Have You Done DSMT (diabetes self-management training)?
Last updated: May 2021
A study just published in the Journal of the American Medical Association (JAMA) found that only 6.8% of privately insured adults attended a reimbursable diabetes self-management training/education (DSMT) session within the first year after their diagnosis. Even among patients taking insulin, the rate was only around 15%, and this is despite the fact that most states require insurance reimbursement for DSMT. Of course, some patients undoubtedly attend group sessions offered without fee by hospitals or doctor’s offices, but this low rate of face to face consultations between newly diagnosed patients and health professionals is concerning for a couple of important reasons.
First and foremost, newly diagnosed patients need accurate information about diabetes. Often, these patients have an incomplete picture of diabetes, especially type 2 diabetes. At the extremes, some don’t seem to understand that diabetes can be a serious health issue, while others believe that there is no hope for good health. Many are confused about diet too – connecting the cause of and the solution to diabetes only to sugar, for example. A timely session with a certified diabetes educator, especially one who is also a registered dietitian nutritionist (I’m biased), can not only assure patients have the “real” story, but can also explain practical and effective diabetes self-management behaviors.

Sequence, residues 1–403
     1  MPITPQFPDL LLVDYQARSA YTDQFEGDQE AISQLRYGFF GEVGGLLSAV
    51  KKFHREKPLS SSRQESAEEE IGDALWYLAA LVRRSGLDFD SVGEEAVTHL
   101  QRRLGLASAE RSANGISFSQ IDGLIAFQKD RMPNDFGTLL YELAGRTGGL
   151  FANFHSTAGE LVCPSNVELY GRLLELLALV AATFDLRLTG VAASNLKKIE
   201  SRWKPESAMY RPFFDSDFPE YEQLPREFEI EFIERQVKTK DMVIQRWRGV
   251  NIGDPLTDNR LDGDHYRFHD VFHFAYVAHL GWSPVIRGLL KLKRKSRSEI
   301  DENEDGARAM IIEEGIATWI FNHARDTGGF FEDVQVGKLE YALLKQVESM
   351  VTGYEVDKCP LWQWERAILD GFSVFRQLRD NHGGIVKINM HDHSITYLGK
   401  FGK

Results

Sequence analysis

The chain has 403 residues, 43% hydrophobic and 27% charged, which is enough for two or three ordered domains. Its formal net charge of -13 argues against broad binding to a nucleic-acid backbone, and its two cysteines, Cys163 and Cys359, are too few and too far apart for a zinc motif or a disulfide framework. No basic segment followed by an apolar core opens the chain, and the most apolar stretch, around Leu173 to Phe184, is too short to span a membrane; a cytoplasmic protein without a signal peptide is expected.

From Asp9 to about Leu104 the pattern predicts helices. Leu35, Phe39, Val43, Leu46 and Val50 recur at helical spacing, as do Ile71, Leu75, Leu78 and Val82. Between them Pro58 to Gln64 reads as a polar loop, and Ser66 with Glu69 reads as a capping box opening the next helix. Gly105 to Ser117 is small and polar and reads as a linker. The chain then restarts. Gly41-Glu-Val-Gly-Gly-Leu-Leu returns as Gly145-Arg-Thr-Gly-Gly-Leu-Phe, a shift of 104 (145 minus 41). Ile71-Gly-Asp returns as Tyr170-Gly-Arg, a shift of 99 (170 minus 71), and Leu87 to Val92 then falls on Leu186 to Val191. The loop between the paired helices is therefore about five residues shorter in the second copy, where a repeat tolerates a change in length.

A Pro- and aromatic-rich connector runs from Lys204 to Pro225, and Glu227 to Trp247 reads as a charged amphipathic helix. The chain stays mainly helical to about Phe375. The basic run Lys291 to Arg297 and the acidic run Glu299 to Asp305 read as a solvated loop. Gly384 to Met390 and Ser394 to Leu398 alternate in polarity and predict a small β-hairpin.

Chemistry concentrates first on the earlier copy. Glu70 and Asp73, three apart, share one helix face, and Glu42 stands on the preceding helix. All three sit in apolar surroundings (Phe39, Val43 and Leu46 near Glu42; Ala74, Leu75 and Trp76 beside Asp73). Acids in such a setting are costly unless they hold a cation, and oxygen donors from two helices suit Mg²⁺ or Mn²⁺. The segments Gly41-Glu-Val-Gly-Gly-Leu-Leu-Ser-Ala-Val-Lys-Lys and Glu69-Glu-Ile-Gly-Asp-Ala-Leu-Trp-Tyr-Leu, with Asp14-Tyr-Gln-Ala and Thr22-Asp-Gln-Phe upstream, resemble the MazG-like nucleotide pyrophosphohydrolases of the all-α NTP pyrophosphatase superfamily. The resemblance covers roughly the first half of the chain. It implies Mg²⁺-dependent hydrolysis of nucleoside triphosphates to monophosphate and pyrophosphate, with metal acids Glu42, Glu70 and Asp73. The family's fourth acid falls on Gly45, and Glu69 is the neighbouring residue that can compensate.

Second, time is an issue. Diabetes complications result from consistently high blood glucose levels over a period of years. So, delays in understanding the importance of diabetes self management and adopting those behaviors into everyday life may give complications a head start that can’t be completely recovered. Getting credible DSMT as soon as possible means patients can begin gaining control of blood glucose levels sooner.
If you have never sat down with a diabetes-specialized health professional for diabetes self-management training/education, there’s no better time than right now. Managing diabetes is a daily responsibility that falls directly upon the patient. Wouldn’t you like to know that your daily efforts are going exactly to the right places?
Do you chew your food slowly or quickly?
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